Nobel laureate, Irish playwright and critic George Bernard Shaw rightly said that “the first condition of progress is the removal of censorship”. Far from removing censorship, it seems that the Central Board of Film Certification has imbibed unabridged powers. An apt example is the Board headed by Pahlaj Nihalani that has become the favourite child of controversies. It has once again shown its might by refusing to certify Prakash Jha’s upcoming film Lipstick Under My Burkha, for its alleged sexual scenes, abusive words and audio pornography. Of late, the CBFC has been in news for all the wrong reasons, weather it was the unnecessary controversy during the release of ‘Udta Punjab’ or the scissor threatened on the Oscar-winning ‘Moonlight’ before allowing it a certification. The Board has been overzealous in the execution of its duties, to say the least.
Lipstick Under My Burkha is a movie about the journey of four women of different ages exploring their freedom and their craving for men and sex. It is a Prakash Jha film starring Ratna Pathak Shah, Konkona Sen Sharma, Aahana Kumra and Plait Borthakur and has been directed by Alankrita Shrivastava, who had earlier directed ‘Turning 30’. The film has already won awards, including the Oxfam Award at the Mumbai Film Festival for ‘Best Film on Gender Equality’ and the Spirit of Asia Prize at the Tokyo International Film Festival. The movie has bagged the audience award at the Glasgow Film Festival. It is indeed ironic that the very film that has won an award for ‘Best Film on Gender Equality’ could be labelled having ‘audio pornography’ and ‘lady-oriented!’ Significantly, the CBFC took a decision to not allow this film for screening in January itself (copy of CBFC letter dated January 25, 2017, with Tehelka). The letter allows 14 day’s time to Prakash Jha Productions, Andheri Mumbai to prefer an Appeal to the Reviewing Committee and 30 days to FCAT.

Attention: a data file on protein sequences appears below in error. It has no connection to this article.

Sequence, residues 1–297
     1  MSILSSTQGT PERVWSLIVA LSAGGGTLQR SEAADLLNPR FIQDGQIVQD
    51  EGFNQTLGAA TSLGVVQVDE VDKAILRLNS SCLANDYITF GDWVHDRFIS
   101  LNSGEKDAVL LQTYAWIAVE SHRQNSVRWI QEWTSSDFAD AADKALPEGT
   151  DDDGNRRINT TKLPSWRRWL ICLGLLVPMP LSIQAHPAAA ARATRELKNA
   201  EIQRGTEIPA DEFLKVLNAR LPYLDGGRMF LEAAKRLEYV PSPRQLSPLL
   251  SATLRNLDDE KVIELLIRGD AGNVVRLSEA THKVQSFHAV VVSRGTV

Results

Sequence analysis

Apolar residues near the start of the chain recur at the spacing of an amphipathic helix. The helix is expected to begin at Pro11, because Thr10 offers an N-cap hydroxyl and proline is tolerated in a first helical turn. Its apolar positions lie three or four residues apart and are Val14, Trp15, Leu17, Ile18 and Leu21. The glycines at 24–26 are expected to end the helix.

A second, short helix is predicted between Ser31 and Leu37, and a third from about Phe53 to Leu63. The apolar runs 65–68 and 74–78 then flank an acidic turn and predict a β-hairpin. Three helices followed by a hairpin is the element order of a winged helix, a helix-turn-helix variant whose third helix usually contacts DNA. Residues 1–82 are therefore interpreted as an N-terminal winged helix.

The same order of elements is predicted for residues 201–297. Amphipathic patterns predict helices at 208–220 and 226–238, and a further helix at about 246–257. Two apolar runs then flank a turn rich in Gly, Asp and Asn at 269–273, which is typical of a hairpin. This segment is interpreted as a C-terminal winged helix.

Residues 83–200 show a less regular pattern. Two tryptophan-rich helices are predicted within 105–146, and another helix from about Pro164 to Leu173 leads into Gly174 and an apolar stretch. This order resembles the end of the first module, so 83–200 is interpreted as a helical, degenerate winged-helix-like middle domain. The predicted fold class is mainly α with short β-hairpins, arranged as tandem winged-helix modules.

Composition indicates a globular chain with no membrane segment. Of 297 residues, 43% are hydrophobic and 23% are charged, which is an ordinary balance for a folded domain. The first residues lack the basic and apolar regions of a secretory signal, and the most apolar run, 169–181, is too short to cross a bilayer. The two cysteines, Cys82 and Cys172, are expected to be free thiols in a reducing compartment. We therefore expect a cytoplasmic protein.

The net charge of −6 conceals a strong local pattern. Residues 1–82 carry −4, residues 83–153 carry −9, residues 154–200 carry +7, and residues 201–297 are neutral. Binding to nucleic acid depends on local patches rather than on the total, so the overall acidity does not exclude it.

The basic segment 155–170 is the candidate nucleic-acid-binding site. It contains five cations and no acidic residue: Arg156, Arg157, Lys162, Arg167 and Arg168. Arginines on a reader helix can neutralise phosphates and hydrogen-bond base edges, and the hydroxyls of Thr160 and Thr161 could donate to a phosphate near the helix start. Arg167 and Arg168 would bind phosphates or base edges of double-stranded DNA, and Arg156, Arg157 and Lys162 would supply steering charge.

One finds that creative liberty has been at the receiving end at the CBFC and film makers who dare to think out of box and make meaningful cinema, are being gagged. In the process, these film makers suffer financial losses and receive bad publicity. The creative fraternity cannot be perpetually harassed for thinking differently and out of the box. It is the artiste’s obligation to rip off the veil on hitherto forbidden issues and ideas, and it is the duty of society to accommodate creativity. Censored minds would only remain closed minds and an informed society needs creative ideas to flow from everyone and everywhere.